Beginning in the 1990s, Internet Art (sometimes called Net Art or Network Art) began to be considered as a form of new media. Tate describes Internet Art’s history as follows:
“Net art emerged in the 1990s when artists found that the internet was a useful tool to promote their art uninhibited by political, social or cultural constraints. For this reason it has been heralded as subversive, deftly transcending geographical and cultural boundaries and defiantly targeting nepotism, materialism and aesthetic conformity. Sites like MySpace and YouTube have become forums for art, enabling artists to exhibit their work without the endorsement of an institution" (source).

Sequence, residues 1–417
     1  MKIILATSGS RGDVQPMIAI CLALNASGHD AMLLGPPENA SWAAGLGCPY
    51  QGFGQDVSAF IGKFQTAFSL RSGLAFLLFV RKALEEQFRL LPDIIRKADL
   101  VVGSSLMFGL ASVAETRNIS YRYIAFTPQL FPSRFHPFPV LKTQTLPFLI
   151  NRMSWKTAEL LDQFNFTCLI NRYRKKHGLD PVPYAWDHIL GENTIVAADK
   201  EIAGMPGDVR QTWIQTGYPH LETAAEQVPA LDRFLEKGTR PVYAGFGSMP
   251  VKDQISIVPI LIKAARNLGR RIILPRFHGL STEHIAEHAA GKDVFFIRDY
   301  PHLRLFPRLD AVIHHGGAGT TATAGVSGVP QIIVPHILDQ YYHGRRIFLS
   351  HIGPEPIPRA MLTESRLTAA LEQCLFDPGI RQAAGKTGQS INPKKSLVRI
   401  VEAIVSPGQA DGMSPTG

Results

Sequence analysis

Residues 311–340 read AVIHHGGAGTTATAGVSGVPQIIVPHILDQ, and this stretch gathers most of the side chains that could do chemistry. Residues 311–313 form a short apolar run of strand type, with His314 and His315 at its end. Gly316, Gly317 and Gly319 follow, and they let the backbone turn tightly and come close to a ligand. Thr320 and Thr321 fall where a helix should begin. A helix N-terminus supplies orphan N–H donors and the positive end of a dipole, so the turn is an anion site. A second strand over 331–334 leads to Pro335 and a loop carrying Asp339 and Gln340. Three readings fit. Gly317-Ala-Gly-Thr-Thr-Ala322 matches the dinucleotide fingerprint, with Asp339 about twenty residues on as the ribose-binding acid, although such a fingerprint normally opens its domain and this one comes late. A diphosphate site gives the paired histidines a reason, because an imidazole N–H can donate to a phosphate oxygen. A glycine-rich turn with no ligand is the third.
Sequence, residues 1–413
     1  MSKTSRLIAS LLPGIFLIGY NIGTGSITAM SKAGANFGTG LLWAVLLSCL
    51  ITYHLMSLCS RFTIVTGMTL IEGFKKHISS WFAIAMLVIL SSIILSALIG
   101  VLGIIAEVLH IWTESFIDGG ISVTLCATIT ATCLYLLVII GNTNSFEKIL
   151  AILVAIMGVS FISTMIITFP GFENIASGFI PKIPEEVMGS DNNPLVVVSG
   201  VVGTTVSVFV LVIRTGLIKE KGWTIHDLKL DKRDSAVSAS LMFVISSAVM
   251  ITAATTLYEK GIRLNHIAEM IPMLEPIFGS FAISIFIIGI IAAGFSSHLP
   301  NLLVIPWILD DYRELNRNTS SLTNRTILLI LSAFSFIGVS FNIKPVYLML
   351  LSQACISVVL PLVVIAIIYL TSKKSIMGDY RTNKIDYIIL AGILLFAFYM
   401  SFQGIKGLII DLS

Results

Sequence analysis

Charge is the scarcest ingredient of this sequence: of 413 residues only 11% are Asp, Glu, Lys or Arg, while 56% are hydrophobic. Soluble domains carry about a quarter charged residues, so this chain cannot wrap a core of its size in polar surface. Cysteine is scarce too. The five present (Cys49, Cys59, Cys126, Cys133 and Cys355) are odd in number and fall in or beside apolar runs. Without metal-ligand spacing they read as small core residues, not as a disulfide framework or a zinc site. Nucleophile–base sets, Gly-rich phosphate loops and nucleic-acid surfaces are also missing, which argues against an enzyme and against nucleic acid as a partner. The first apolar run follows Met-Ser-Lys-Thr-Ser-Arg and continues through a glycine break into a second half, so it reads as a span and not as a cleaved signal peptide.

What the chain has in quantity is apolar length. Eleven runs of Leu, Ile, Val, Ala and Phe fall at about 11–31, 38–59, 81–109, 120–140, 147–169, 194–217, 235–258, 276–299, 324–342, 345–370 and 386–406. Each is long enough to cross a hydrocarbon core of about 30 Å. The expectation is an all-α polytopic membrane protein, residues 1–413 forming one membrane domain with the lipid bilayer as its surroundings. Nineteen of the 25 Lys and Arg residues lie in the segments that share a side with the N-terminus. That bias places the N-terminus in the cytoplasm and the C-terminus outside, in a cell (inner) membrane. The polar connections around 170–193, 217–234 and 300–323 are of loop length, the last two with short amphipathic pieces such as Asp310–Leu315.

Since then, internet art has evolved as rapidly as technology itself, and that experimentation persists. In tandem with our Librarians, Live! interview with Nick Briz (2/25) and the Bias Out of the Box speaker series (2/26-27), we are spotlighting books in our collection about Internet Art and Glitch Art.